'Bored to Death' review: You won't be
By hitching the conventions of the private-eye genre to a comedy about a Woody Allen-esque neurotic, creator Jonathan Ames has crafted a charming, if mostly low-key, show that grows on you as it goes along. It should fit well with HBO's other comedy about a perpetually disaffected man, "Curb Your Enthusiasm" ("Curb" debuts at 9 p.m. ET Sunday, and "Bored to Death" follows at 9:30).
"Bored to Death" stars Jason Schwartzman as a moderately successful writer named, like his creator, Jonathan Ames, who's just watched his girlfriend move out because he drinks too much and smokes too much pot. (Jonathan's protests that he's throttled back to just drinking white wine don't help.) Blocked on his second novel and under the influence of a Raymond Chandler novel in addition to the wine, he places a Craigslist ad offering his services as an unlicensed detective.
The cases Jonathan picks up are more soft-boiled than hard-; he deals more in stolen skateboards and out-of-touch sisters than murder and kidnapping. It's a good thing, because Jonathan is just about the least threatening P.I. in the history of the genre. That's part of the joke, of course, as the diminutive Jonathan has to reason, pleads and occasionally bribe his way to the information he needs. It's not terribly efficient, but it eventually gets the job done.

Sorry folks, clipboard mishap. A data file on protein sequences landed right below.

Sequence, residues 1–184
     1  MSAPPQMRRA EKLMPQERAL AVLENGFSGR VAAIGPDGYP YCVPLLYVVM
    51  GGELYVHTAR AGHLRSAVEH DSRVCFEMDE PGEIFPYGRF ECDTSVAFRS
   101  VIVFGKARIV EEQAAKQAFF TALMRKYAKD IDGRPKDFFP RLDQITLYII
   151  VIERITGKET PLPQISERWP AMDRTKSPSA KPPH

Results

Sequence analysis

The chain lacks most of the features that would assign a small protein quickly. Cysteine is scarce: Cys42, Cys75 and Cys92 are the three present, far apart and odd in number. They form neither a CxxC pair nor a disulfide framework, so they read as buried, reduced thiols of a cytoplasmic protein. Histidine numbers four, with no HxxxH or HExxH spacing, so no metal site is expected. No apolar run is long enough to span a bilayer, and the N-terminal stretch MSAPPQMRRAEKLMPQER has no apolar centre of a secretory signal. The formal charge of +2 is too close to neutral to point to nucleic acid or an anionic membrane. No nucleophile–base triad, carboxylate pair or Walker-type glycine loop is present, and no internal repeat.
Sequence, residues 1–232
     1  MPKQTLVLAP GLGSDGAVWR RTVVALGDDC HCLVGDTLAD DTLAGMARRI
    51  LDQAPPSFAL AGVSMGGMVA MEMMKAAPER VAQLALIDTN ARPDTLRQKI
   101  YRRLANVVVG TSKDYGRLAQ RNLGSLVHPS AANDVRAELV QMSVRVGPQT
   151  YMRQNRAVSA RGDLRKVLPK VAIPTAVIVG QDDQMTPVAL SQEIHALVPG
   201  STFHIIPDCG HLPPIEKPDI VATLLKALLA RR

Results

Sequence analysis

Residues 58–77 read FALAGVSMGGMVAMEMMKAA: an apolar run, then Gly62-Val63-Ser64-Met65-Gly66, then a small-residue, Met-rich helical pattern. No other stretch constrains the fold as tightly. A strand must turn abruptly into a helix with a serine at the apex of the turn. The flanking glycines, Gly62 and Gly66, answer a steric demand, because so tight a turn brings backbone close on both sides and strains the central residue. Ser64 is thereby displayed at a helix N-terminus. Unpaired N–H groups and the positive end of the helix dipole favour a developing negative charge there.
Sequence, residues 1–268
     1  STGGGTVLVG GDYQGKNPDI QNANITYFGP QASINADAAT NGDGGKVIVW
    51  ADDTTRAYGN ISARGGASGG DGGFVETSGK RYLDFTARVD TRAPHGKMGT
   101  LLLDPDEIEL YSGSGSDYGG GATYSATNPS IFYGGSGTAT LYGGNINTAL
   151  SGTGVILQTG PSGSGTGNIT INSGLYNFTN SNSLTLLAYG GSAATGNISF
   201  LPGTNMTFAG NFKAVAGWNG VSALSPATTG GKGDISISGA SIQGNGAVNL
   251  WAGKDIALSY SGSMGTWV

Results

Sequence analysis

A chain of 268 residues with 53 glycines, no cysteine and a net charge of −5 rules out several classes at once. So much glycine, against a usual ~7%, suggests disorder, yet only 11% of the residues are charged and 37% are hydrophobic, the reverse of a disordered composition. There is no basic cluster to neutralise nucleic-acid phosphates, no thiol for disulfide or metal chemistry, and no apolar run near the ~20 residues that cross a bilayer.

Schwartzman is more or less playing the straight man here, and he gets huge amounts of help from Zach Galifianakis ("The Hangover"), who plays Jonathan's friend Ray, a comic-book illustrator, and especially Ted Danson as George Christopher, a magazine editor who gives Jonathan assignments but mostly just wants to hang out with the younger man, whose life he envisions to be much more exciting than it actually is.
Danson's character is pretty much all id, a guy who's desperately trying to stay young and hip and succeeding only to a small degree. George is the comedy flip side to Danson's Arthur Frobisher character on "Damages," needy and a little pathetic but without all the power and the evil streak. Danson is very obviously having a blast, and it comes through the screen.
Galifianakis stole "The Hangover" with his alternate-universe take on the character, and he's playing another oddball in "Bored to Death," but he smartly keeps his quirks at a low ebb. He and Schwartzman mesh easily on screen.
The first couple of episodes of "Bored to Death" are uneven; it feels a little overwritten, and it can come across as a show whose eyebrow is permanently arched. But when the show settles into a rhythm around the third episode, things start to click. It's a nice little addition to the mini-renaissance TV comedy is enjoying this fall.
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